6 Questions You Need to Ask Before You Go to Your Doctor's Office

Before you step foot in your doctor's office, make sure you ask these questions.

For weeks, we've been told to stay away from doctor's offices unless it was absolutely necessary to see a physician. But now that coronavirus cases are going down in many places across the country and states are starting to open up, you might be wondering if it's safe to get that check-up or your annual physical. And you're not alone—many people are looking to make appointments they've missed over the past three months or so. According to Michael LeVasseur, PhD, a visiting assistant professor of epidemiology and biostatistics at Drexel University in Philadelphia, told NPR it's safe to resume regular doctor's appointments as long as you make sure the office is taking proper precautions to prevent the spread of the coronavirus.

Two epidemiologists, Drexel University's Neal Goldstein, PhD, and Temple University's Aimee Palumbo, PhD, talked to NPR about what specific measures you should ask your doctor's office about before scheduling an appointment. Here are the six questions they say you need to ask before you head to the doctor. And for more ways your doctor's office may change post-pandemic, check out 5 Things You'll Never See at Your Doctor's Office After Coronavirus.

"Do the staff and patients wear masks at all times?"

Doctor and senior man wearing face masks during coronavirus outbreak.

The Centers for Disease Control and Prevention (CDC) recommends wearing a mask, especially indoors, to abate the spread of aerosolized COVID-19 droplets. Make sure you confirm with your doctor's office that the staff will be wearing masks, and that other patients will be required to do so, too. And for more on masks, check out The 10 States With the Strictest Face Mask Laws.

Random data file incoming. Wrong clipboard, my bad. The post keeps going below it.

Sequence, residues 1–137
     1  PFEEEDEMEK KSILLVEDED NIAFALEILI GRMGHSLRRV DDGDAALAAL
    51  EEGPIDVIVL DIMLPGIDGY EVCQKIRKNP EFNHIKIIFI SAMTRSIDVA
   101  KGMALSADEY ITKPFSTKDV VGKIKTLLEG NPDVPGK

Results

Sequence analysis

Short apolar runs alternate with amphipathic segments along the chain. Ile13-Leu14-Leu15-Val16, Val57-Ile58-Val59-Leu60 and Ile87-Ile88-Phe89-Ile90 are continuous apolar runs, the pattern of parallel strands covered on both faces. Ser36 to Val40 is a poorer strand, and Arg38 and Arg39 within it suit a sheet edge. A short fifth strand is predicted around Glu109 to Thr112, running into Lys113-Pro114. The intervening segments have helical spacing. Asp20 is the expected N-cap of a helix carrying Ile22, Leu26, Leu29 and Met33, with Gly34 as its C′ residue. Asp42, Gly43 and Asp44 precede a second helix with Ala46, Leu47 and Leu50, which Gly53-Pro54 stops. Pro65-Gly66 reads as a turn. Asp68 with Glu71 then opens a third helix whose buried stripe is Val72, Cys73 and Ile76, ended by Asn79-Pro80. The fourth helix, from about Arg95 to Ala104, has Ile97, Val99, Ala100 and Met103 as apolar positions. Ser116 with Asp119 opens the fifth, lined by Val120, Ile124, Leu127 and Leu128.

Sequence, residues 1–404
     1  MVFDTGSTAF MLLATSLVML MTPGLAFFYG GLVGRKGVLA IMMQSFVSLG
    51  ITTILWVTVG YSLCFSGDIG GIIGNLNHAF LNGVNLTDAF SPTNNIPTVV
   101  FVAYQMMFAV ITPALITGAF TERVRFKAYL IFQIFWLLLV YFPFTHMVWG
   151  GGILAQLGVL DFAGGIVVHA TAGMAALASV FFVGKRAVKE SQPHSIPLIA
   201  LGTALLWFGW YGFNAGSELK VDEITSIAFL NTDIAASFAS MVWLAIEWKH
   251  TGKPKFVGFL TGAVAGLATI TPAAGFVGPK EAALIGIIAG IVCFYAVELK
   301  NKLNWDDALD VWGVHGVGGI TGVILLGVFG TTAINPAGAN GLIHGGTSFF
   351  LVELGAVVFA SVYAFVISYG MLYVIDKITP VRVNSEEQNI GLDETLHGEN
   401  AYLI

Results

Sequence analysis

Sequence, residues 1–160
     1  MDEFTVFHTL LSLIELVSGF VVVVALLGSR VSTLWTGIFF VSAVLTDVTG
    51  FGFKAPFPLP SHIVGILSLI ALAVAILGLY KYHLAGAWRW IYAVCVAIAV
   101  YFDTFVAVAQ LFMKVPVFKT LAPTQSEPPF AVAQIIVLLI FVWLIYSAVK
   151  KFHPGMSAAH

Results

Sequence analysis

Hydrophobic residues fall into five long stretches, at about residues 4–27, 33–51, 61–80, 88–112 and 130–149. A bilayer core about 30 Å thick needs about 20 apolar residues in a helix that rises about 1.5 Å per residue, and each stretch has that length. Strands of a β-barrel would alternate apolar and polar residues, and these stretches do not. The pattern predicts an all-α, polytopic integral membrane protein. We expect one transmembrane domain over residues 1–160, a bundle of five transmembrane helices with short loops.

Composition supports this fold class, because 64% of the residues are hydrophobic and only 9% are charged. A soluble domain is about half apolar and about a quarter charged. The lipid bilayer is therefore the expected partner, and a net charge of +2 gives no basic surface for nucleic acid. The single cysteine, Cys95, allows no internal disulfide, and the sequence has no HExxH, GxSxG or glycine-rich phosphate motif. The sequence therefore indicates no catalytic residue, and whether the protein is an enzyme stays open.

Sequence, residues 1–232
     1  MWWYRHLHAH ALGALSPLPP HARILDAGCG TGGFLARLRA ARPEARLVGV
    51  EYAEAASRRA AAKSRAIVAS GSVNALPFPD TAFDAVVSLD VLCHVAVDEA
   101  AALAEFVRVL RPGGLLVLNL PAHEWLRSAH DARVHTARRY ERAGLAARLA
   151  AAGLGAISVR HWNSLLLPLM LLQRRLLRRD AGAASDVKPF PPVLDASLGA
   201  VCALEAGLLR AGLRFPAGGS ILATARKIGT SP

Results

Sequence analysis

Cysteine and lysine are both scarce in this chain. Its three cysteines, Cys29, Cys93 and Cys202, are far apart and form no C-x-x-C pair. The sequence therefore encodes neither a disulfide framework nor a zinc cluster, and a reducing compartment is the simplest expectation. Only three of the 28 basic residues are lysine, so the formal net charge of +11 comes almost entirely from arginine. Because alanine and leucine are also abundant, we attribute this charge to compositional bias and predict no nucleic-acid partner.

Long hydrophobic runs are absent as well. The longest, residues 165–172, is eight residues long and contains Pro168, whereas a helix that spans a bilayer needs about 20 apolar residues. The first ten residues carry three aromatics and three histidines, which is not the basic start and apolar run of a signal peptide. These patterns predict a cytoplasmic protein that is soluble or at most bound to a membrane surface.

"Do the staff have enough masks and protective equipment?"

Medical masks and gloves on a blue background.

It's important to make sure your doctor's office has the right personal protective equipment (PPE). Every doctor, nurse, and assistant should have masks, gloves, and all other equipment necessary to keep themselves and their clientele safe.

"Will there be a limit on how many people can be in a waiting room?"

closeup of man in mask sitting in doctor's waiting room with cane

Social distancing is no joke, especially in indoor, highly-trafficked, and poorly ventilated areas like waiting rooms. So, ask your doctor's office if they're limiting capacity in that shared space. And for more on staying safe indoors, check out Doing This One Thing at Home Greatly Reduces Your Coronavirus Risk.

"Are the staff being tested for COVID-19?"

Doctor's hands in protection gloves holds Testing Kit for the coronavirus test

Testing for coronavirus is not an exact science, as there are still false positive and false negative results, but it is still the most reliable indicator that we have at the moment. So, you'll want to know if the staff at your doctor's office is tested frequently.

"How often are staff cleaning the waiting rooms and offices?"

Woman in rubber gloves sprays a counter top with cleaner

Disinfecting public areas can sometimes feel like overkill. But in a doctor's office, where the likelihood of coughing, sneezing and releasing aerosolized viral droplets is particularly high, it's important to be sure disinfecting is a regular occurrence. And if you want to keep your home germ-free, check out Your Favorite Disinfectants, Ranked by How Quickly They Kill Coronavirus.

"If you don't drive, can you take public transit while keeping your distance from other people?"

woman wearing disposable mask on public transportation during coronavirus pandemic

Public transit—buses, subways, and trains—are critical means for commuting, but those enclosed spaces can also be high risk environments, since they're crowded, high-trafficked and poorly ventilated. If a number of other patients are coming to their appointment this way, you may want to course-correct, or at least try to book your appointment first thing in the morning. And for more on public transit in the wake of coronavirus, check out 8 Things You May Never See on Public Transit Again After Coronavirus.

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